I have become interested in composing a question about refusals that cite the insufficient funds / lack of funds formulae. Then after that, providing an answer that could be used as a so-called 'canonical' answer. And once that's done, then marking future questions as a duplicate.

I think doing that is an interesting project! I estimate that about 5 canonical answers could clear the board on TSO and just leave the really interesting ones to deal with. Schengen is addressable in the same way (but not with the same answers). Up to now I have been discouraged that some answers that might qualify as 'canonical' have never been accepted, and for others there's a digression into a nitpick or corner case that makes the answer too specific.

Proposed steps...

  1. Compose the question.
  2. Wait until it becomes bounty eligible (2 days).
  3. Put a bounty on it.
  4. Wait until the bounty is awarded to a respondent and accept it.
  5. If the bounty expires, put in a 'canonical' answer and accept it.
  6. Thereafter mark everything in that category as a duplicate
  7. Set the answer to 'wiki' if it's got community interest
  8. If it works, go on to the next refusal category that can be answered canonically

Issue... There will always be some little nitpick or corner case that does not get addressed in a canonical answer. I reckon that you could cover about 90% of the person's question, but there's no chance of getting a person's question 100% answered all the time unless you compose a new answer.

Somebody's uncle in the UK provided the funds, but somebody else's father in India is providing a letter of funding support, but somebody else didn't provide their bank statements, but somebody else got caught for 'funds parking', and the list goes on. They are all about 90% the same. When there's a funds issue, the ECO will normally add another reason or so about something else, but these are just icing on the cake and serve no purpose other than filler to make the refusal look weighty.

How canonical should a question/answer be before it is accepted by the community? If a question can be dis-assembled to some fundamental issues and there's a few nitpick side issues or corner cases, and there's an existing reference that goes 90% (or even 80%!) of the way, is it "canonical enough"?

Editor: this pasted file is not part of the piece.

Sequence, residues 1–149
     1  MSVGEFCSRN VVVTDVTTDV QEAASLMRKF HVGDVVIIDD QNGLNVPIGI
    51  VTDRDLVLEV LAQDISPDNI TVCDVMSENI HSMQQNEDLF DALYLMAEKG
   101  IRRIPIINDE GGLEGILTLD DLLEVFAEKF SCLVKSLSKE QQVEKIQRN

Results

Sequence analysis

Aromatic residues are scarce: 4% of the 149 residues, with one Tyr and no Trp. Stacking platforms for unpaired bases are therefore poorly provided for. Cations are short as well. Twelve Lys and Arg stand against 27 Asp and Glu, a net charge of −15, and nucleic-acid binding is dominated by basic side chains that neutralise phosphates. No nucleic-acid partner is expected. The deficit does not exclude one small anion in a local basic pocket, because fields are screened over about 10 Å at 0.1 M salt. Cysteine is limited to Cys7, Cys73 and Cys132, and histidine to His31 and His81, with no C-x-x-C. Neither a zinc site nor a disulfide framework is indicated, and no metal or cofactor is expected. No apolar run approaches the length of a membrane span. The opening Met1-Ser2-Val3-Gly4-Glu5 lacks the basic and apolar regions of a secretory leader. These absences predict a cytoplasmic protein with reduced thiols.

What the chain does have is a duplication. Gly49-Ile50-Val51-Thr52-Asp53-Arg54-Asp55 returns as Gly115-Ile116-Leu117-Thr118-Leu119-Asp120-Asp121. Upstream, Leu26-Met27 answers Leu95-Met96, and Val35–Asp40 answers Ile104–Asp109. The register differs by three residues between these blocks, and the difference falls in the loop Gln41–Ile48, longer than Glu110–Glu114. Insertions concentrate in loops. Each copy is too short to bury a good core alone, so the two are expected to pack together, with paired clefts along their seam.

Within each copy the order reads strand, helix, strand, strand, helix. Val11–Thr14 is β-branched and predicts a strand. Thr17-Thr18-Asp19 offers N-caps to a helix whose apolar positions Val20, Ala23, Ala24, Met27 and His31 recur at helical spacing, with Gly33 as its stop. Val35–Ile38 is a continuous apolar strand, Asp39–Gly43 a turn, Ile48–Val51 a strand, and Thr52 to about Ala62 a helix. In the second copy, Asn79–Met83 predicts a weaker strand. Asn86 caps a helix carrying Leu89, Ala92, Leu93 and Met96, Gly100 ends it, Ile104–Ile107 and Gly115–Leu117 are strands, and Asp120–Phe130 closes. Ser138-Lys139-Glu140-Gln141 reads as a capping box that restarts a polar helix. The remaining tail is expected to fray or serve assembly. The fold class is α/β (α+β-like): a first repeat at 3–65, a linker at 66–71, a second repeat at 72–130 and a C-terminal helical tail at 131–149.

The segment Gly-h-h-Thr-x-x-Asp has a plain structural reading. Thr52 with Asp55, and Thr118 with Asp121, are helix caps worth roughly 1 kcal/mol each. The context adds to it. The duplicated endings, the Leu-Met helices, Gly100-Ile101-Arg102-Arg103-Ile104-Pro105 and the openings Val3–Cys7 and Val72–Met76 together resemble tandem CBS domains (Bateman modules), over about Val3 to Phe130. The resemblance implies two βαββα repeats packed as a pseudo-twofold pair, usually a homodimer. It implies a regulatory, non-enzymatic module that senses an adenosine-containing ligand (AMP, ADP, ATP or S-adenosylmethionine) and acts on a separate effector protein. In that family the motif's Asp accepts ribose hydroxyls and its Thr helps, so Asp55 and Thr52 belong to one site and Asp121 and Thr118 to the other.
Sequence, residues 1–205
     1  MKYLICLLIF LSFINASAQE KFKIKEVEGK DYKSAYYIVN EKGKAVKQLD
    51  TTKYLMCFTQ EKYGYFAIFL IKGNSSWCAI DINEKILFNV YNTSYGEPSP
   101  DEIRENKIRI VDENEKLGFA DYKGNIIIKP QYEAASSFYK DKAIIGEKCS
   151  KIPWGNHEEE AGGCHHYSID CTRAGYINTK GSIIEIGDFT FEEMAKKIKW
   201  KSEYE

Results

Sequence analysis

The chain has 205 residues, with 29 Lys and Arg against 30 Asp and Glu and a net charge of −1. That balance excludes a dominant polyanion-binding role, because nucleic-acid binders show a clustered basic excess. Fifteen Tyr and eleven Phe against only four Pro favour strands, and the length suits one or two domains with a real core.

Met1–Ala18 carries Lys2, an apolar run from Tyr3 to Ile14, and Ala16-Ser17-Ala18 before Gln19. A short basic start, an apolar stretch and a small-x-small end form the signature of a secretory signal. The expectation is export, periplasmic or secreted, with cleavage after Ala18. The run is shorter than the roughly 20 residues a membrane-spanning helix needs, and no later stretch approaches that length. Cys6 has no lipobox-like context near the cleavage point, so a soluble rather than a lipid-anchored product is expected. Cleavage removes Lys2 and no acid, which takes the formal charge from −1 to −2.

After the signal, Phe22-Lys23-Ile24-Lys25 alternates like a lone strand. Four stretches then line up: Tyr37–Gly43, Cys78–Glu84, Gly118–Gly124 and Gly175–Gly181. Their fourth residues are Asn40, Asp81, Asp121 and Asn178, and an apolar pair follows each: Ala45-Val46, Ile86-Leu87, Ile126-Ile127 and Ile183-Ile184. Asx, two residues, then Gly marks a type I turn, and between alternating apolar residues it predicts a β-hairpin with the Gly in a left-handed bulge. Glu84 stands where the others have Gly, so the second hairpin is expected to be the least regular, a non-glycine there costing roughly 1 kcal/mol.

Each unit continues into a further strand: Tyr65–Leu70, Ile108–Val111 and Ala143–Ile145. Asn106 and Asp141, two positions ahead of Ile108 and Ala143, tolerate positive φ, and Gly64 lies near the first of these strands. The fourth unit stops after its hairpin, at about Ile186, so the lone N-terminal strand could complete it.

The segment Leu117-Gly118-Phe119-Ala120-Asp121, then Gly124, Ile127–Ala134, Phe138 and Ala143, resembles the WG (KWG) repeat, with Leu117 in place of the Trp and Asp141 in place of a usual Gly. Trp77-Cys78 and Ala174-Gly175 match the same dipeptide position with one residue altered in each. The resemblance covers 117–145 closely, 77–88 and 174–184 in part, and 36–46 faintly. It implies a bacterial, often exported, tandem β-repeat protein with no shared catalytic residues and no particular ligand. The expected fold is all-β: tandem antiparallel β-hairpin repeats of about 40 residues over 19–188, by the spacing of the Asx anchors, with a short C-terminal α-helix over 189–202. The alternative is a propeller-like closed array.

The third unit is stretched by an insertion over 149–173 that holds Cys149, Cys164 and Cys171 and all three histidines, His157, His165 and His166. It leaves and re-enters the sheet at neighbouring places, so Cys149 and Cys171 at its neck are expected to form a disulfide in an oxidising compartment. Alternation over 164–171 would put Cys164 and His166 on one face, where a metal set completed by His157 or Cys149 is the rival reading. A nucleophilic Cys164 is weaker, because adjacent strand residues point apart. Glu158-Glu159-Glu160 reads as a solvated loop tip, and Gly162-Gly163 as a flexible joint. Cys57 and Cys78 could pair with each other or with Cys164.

Otherwise every refusal on the funds formulae has to have a separate answer.

  • 1
    And who are the 2 viewers that appeared in the first second after submitting the question? Are two people sitting in META pressing 'refresh' all the time? Or some sort of automatic viewer in the background? Or a bug?
    – Gayot Fow
    Commented May 20, 2015 at 14:03
  • one of these views is probably yourself. The second might be someone randomly around at that time.
    – Vince
    Commented May 21, 2015 at 1:10
  • 1
    T'was probably me.
    – JoErNanO Mod
    Commented Jun 3, 2015 at 21:06
  • How much can you add at a later time to your canonical answer? I mean, if an other situation comes up, can you adjust and still use the canonical as 'the other is a duplicate'?
    – Willeke Mod
    Commented Jul 12, 2015 at 15:16
  • @Willeke, once it becomes community owned, anybody can update it
    – Gayot Fow
    Commented Jul 12, 2015 at 15:19
  • 2
    In that case, cover all you can think about and 'we' can always add in what you forgot.
    – Willeke Mod
    Commented Jul 12, 2015 at 15:20

1 Answer 1


IMHO the answer should be as canonical as it can be with the information currently at hand. Let's say that for arguments sake you write and post an answer covering 90% of the cases. When new information comes, being a community wiki answer it will be editable and updatable by others so as to improve it's canonicity over time. All in all my rationale is based on the assumption that the initial post covers as many cases as possible, in order to avoid having several answers competing over canonicity. Should this happen however one can always merge the information of all the answers into one post, and ask the moderators to clean up the other posts.

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